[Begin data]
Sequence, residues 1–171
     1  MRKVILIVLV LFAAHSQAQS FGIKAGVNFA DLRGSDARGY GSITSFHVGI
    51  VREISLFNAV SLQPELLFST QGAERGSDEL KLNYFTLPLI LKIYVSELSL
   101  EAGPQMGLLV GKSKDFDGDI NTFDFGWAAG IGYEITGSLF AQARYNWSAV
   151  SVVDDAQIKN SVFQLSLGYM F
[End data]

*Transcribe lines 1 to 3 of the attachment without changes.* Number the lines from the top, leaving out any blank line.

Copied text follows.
Sequence, residues 1–171
     1  MRKVILIVLV LFAAHSQAQS FGIKAGVNFA DLRGSDARGY GSITSFHVGI
    51  VREISLFNAV SLQPELLFST QGAERGSDEL KLNYFTLPLI LKIYVSELSL